Based upon the foregoing analysis, we reverse the November 15, 2016, order of the Circuit Court of Tucker County and remand this case for a new trial consistent with this opinion.
Reversed and Remanded.
CHIEF JUSTICE LOUGHRY concurs and reserves the right to file a concurring opinion.
JUSTICE KETCHUM concurs and reserves the right to file a concurring opinion.
LOUGHRY, Chief Justice, concurring:
While I agree with the majority's decision that a new trial was required in this matter due to the improperly and heavily-weighted reliance on the market price of potential mitigation credits, I find it necessary to write separately to address my additional concern that trial courts need to properly marshal evidence that is adduced for purposes of valuing wetlands. Other than quoting from the decision in Department of Transportation v. Southeast Timberlands, Inc. , 263 Ga.App. 805, 589 S.E.2d 575 (2004), the majority offers very little advice to the trial court for its handling of this case on remand. Accordingly, I wish to address certain issues that the trial court may need to consider when quandaries arise with regard to the admission of expert testimony on the valuation of the subject land.
First and foremost, the trial court needs to recognize that, as the majority acknowledged, there is no consensus on how to value land when its highest and best use is the potential to be utilized as a wetlands mitigation bank. See David M. Keating, MAI, The Valuation of Wetlands 37 (2d ed. 2002) ("The total economic value of wetlands is a relatively new concept, and scientists are working to formulate methods for estimating such values."). And, as the Division of Highways aptly observes in its reply brief, decisions with regard to environmental protection laws are affected by the political climate as demonstrated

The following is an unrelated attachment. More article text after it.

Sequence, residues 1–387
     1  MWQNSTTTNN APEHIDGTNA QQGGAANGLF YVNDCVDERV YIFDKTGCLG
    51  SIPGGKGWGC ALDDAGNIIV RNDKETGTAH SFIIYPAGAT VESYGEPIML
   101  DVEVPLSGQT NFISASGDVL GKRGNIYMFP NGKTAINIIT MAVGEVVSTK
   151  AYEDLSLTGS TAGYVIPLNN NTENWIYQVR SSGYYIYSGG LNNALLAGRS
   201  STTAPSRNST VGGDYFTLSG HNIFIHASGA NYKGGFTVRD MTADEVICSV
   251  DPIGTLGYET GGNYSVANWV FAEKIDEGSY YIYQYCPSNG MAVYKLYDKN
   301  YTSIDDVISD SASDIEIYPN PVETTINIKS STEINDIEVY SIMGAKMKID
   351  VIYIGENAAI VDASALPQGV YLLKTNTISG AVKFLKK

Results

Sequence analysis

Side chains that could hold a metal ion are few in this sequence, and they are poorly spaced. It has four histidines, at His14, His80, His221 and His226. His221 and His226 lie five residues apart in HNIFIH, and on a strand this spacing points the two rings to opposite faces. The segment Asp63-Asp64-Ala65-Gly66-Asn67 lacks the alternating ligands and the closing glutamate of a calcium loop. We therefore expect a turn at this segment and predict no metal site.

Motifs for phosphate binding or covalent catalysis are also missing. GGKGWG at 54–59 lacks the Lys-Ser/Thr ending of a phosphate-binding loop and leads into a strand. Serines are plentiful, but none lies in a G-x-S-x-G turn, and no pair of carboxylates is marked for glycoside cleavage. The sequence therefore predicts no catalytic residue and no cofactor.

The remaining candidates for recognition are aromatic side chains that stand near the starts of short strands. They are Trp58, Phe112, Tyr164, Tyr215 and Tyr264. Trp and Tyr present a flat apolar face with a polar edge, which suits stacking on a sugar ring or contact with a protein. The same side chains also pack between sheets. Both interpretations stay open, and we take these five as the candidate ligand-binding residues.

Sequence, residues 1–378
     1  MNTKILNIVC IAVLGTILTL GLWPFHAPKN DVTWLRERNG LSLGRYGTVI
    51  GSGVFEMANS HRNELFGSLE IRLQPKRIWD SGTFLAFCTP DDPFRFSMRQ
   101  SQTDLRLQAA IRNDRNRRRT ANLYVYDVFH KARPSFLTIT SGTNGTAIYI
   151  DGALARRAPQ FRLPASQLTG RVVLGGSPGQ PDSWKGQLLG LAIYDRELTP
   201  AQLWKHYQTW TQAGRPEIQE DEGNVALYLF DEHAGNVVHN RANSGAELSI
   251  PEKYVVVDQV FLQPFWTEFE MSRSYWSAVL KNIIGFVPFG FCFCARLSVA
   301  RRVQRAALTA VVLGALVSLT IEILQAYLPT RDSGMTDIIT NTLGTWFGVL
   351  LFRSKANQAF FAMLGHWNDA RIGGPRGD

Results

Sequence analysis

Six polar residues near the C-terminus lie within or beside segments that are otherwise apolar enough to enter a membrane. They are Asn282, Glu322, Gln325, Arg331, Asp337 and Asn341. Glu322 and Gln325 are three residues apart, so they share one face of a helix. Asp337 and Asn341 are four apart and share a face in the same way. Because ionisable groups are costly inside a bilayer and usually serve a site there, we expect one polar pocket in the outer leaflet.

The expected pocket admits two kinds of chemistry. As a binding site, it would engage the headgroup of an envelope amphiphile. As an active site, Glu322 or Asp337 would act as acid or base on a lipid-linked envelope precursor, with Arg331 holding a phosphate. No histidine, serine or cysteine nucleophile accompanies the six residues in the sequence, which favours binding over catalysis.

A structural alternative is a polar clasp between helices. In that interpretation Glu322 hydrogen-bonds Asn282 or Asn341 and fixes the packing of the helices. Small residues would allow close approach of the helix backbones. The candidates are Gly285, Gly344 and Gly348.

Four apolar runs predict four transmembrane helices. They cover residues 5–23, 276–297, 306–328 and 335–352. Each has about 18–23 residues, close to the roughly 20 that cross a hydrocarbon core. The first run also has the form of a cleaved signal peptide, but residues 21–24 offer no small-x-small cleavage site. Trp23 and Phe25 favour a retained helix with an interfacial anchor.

by the multitude of directives instituted by President Trump since taking office this past January. Included in those policy changes was Executive Order 13,778, "Restoring the Rule of Law, Federalism, and Economic Growth by reviewing the 'Waters of the United States Rule.' " That order, signed on February 3, 2017, has potential impact on the value of wetlands, and wetlands credits, as it mandates the withdrawal and reconsideration of the Clean Water Rule, 80 Fed. Reg. 37054 (June 29, 2015). Consequently, the regulations and guidelines previously utilized under the Obama administration are now in a state of flux due to the vagaries of the regulatory process itself and numerous lawsuits instituted to halt such changes. Given that the wetlands banking mitigation industry is unquestionably dependent on the current political climate, the valuation testimony provided below has clearly been called into doubt.
Because the terms "waters of the United States" is undefined in the Clean Water Act, 33 U.S.C. §§ 1251 -1387 (2012), it has been defined by regulation to include wetlands and intermittent streams.
The trial judge's efforts are more remarkable when you consider there seem to be only two reported appellate cases in the United States dealing directly with the introduction of wetlands mitigation credits in a condemnation case. See Dep't of Transp. v. Southeast Timberlands, Inc. , 263 Ga.App. 805, 589 S.E.2d 575 (2003) (admission of evidence of valuation of wetlands mitigation credits, if error, was harmless); Martha K. Wayt Tr. v. City of Cumming , 306 Ga.App. 790, 702 S.E.2d 915 (2010) (evidence as to the value of stream mitigation credits was irrelevant and inadmissible).
Under the subject executive order, the EPA and the Army Corp of Engineers have been directed to publish a proposed rule rescinding or revising the Clean Water Rule.
Just compensation is not necessarily based upon the land's current use, but rather is based upon the property's reasonable use in the near future that will result in its highest value. West Virginia's recently-published pattern jury instructions suggests the following definition for "highest and best use of property":
A landowner is entitled to have [his/her/their/its ] property valued on its highest and best use. "Highest and best use" means the use for which the property may be reasonably used that will result in its highest value.